Mad Clown & San E’s Crossover Journey to Becoming the Kings of Korean Hip-Hop

Mad Clown and San E (courtesy of the artists)

In a short span of five years, K-pop has gone from a relatively unknown music scene that made everyone look at it with “Gangnam Style” to harboring arguably the biggest boy group sensation in the world, BTS, who now break Billboard records with every release and are regular figures in U.S. media. Last year specifically turned out to be a key moment in music history. Not only did BTS, who sings in Korean, beat Justin Bieber for a social media award, but “Despacito,” a song sung predominantly in Spanish, tied for the longest-reigning number one song on the Billboard Hot 100 at 16 weeks.

As the local music market slowly opens itself to artists from other countries and different languages, Korean acts are at the forefront of the movement. And while K-pop gets most of the attention, Hallyu (the Korean wave) has also expanded in the last few years to include other genres, most notably hip-hop. So at a time when more and more K-pop acts are holding arena tours around the U.S., Korean rappers have started to make waves of their own.

While prominent in the ‘90s with acts like Tiger JK, rap music’s popularity waned down in Korea and only became a mainstream genre less than five or six years ago. The few rappers that have achieved mainstream success though, have become household names. Rappers Mad Clown (real name Dong-rim Jo) and San E (San Jung) have reached commercial success, being regulars on the Korean charts with hits like “Stupid Love” and “A Midsummer Night’s Sweetness.” They’ve also regularly participated as judges on American Idol-type of competition shows for rappers like Show Me the Money, Unpretty Rapstar, and High School Rapper, which they both credit as part of the reason behind the normalization of hip-hop in Korea.   

They’re mad humble about it, though. “What role do we play [in Korean hip-hop]?” Jung asked himself over a video call with the Weekly. “Do we even play a role?” he laughed off. “Not anymore!” replied Jo with a laugh too, sitting right next to Jung in Seoul.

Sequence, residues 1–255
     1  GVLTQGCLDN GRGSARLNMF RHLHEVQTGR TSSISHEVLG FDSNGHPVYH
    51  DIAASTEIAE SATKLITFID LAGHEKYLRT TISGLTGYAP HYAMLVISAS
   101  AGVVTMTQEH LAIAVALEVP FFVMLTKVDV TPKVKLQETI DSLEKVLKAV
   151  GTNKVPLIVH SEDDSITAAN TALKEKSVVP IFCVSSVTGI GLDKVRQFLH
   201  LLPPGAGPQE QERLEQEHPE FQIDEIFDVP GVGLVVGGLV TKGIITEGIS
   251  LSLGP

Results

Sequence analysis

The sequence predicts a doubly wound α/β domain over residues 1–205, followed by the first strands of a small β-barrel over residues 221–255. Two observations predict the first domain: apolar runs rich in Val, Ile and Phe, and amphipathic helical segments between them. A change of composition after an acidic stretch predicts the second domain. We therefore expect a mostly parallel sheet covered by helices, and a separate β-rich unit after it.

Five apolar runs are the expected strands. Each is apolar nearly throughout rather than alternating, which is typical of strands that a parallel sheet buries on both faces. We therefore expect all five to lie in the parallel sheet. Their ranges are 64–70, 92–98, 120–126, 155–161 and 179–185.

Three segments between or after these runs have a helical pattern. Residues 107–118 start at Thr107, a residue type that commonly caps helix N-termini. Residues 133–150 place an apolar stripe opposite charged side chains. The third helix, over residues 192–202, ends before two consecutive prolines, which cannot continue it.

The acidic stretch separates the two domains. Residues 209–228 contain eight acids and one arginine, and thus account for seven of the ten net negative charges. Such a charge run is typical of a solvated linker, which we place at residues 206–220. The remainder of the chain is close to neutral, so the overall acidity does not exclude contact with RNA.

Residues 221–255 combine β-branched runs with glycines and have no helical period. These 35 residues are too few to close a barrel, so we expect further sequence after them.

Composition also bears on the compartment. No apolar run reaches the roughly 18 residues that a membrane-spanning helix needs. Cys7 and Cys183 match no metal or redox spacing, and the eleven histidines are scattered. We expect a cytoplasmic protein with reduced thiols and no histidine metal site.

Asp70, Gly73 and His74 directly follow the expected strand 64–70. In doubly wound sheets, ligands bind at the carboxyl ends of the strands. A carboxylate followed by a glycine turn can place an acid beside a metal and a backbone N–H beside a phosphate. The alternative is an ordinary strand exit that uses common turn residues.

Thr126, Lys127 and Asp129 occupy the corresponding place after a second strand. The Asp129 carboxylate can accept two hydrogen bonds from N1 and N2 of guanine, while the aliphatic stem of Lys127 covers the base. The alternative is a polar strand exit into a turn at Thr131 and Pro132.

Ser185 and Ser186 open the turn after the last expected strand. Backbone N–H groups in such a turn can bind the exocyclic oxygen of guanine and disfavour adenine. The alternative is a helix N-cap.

Both born in 1985, San E and Mad Clown have been in the game for about 10 years, but didn’t get a number one record until 2013, when hip-hop in Korea’s mainstream music first exploded. Their friendship has taken them to collaborate in 2015’s “Sour Grapes” and this year’s “Butterfly.” They’ve also embarked on the We Want You joint tour this month, which will hit 19 major cities in the U.S. — one of the longest tours for a Korean act and the longest for a rap one.  

“We’ve made lots of music that we can enjoy and have fun with people together,” Jung explained. “Nothing too difficult, but something catchy and something that when they listen to the lyrics they’re like, ‘Oh, I’ve felt that way, I’ve been there. I’ve had that experience,’ those types of songs. Am I right?” Jo agreed.

Mad Clown and San E have different record labels, different flows, different styles, and starkly different personalities. San E says that Mad Clown is “The Korean Eminem,” focusing on his lyricism which is often laden with anger. “One thing that I noticed while we were practicing our show [was that] lyric-wise, we both talk about love and breakups in our songs, most of the time,” Jo pointed out. “But one big difference that I just noticed is [that] he is doing [the] bright side of love in his lyrics and I’m doing the exact opposite. I always get mad in my songs.” “That’s why he’s Mad Clown,” Jung added.